There also was this young lady whose face appeared familiar. Yes, she attended the University of Uyo, where she read communication arts up to master's degree level, and knew me because I was part of the Students Union radio and then she would come to the station and would not greet me. So, on that day, it was the man with her, who I found out was her boss at The Presidency - her workplace - a northerner named Mr Shehu, who came to greet me. She did not even wave at me or anything. I said to myself, 'this lady has not stopped this idea of not greeting me.' I just looked at her as I used to do on campus. Eventually, she said to me the Sunday after when we met at church - Christ Chapel International Churches of Rev Tunde Joda - that she asked Mr Shehu why he left the room to go and greet me and the boss asked him if she did not know me as a superstar. So, I said that if her boss came to greet me, why did she not? She said why should she and was I not that small boy in the university that she used to see. We both laughed about it. So, I said to her to continue with her life and that I would soon marry her. And she said that I can never marry her.
But, that day when we met in church, she had said that her mother was around and she invited me to come and greet her.
So, I went with a friend, John Ekanem, who was by then married, and the mother cooked vegetable soup.
I told John that this was the kind of girl that one should marry. He said I should go and marry her I left it at that.
I invited the mother, Ezinne Helen Ikeanyionwu, to my programme. She came and told the story of how she married and all that. Later, this woman who would later be my wife called me and asked where I was, and I said I was in my house, and she asked that I direct her there.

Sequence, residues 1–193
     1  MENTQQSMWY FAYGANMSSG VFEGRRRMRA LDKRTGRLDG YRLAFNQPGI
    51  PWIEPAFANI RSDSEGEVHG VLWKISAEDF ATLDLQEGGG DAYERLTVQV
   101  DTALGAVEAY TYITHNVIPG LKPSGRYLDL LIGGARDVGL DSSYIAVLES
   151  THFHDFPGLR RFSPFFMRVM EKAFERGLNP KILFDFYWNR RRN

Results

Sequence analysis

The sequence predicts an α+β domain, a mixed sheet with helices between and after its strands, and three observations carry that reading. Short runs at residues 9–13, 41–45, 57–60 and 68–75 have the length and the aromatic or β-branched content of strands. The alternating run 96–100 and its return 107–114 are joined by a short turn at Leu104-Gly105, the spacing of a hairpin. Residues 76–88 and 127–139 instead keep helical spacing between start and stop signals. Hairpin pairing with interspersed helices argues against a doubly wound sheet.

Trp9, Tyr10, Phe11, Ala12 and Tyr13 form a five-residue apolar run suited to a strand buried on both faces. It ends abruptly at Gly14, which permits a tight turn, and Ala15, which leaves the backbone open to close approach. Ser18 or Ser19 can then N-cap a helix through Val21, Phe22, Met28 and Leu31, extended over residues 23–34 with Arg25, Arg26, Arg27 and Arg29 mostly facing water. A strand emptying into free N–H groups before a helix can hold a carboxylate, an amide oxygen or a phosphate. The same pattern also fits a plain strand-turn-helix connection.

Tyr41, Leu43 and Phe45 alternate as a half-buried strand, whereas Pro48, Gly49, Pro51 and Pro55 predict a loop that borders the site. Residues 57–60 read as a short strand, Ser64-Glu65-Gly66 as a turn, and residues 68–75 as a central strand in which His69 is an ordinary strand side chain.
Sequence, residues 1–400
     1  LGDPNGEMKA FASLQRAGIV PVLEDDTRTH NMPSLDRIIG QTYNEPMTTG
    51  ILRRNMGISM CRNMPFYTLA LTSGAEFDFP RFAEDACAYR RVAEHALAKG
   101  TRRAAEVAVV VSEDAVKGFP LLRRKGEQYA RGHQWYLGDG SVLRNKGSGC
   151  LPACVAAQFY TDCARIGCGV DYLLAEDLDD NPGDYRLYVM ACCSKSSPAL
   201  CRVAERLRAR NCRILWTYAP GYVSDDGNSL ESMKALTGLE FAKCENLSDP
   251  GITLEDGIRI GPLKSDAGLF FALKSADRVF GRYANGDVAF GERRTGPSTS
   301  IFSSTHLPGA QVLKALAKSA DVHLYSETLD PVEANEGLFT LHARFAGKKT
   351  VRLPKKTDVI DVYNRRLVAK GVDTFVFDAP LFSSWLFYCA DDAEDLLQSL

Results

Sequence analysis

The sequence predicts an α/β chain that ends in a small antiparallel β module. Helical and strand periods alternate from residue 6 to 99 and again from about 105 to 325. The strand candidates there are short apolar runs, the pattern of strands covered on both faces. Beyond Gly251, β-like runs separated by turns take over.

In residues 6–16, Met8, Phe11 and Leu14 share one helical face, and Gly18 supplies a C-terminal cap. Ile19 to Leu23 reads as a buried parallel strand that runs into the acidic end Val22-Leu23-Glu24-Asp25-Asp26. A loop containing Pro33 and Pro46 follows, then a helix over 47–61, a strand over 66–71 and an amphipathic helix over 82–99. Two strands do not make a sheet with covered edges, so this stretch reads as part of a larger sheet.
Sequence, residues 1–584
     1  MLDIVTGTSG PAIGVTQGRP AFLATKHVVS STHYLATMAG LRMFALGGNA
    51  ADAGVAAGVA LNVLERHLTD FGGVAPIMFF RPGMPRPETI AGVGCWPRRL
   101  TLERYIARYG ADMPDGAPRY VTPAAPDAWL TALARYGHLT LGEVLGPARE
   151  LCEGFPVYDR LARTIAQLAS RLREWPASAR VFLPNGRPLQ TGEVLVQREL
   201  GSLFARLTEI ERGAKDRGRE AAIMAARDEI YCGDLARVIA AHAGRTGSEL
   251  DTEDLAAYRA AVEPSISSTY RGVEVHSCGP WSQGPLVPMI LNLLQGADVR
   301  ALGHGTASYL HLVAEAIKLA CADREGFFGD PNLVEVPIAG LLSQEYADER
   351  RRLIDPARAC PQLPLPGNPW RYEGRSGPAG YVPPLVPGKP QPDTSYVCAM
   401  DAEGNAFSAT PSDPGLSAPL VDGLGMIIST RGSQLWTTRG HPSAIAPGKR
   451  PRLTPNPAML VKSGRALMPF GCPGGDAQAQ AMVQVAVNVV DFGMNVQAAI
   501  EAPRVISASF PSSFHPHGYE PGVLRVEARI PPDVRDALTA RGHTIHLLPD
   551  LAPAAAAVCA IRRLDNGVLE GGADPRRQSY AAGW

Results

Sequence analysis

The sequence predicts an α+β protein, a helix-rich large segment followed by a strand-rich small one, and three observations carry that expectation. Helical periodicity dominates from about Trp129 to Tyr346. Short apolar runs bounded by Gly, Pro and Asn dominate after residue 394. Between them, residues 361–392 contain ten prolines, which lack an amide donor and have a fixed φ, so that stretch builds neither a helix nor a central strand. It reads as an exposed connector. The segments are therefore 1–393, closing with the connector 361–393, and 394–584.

She drove into our compound, parked her car, asked for my bedroom, and told me she wanted to sleep for an hour and did not want any disturbance. She slept for one hour, woke, went into her car, thanked me and drove off.
I asked myself what kind of thing was that?
The next time we met, I said to her that I could just marry her. She said I could go ahead but asked how much I had. I said I had one hundred and fifty thousand Naira. She asked for the money. I said to her someone owed me the amount. She asked if I wanted to marry her with the money someone was owing me? I said that I believe that he would pay. She said that she was going to her village and asked if I wanted to come and see her parents.
So, I got my friend, John Ekanem, we hired a Peugeot 505 driven by one Kevin and we all went to Umuahia. En route, we quarrelled when I asked where we were going (that took so long) and at some point, I told Kevin to turn back. Kevin said he was not turning back and John Ekanem who was with the driver in front said the same thing.
We got to the village, Ahaba Imenyi (in Isikuato LGA) and the parents were so friendly. The father, Chief Robert Ikeanyionwu Ojukwu, laughed at me, that I did not have money and I wanted to marry (her daughter). My wife already had a master's degree then but I do not remember spending up to twenty thousand Naira; the father cut down on so many things. For the traditional marriage on the fourteenth of August 2004, I am not sure I spent up to two hundred thousand Naira.
On my own family side, my mother liked my fiance but she said I should wait for my father. The moment my father saw her, he said, 'this is your wife.'
We had our church wedding on the twenty-first of August 2004 and Prof Ernest Ojukwu, SAN, represented the father.
Looking back today, if I have the opportunity to marry Mrs Nneka Irene Bush again, I would not hesitate because she is everything a wife should be.
Many thanks to XL FM 106.9 Uyo for local support in Akwa Ibom State. Please visit https://xl1069.fm for an enriching radio experience.
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Dear Reader, This initiative which started as a demonstration project for an intern of The Journalism Clinic has, before our very eyes, taken a life of its own, demanding a lot more resources than envisaged.
Your kind support will keep us going. You can do so securely here.
Taiwo Obe, FNGE
Commonwealth Professional Fellow
Founder/Director, The Journalism Clinic
+234 818 693 5900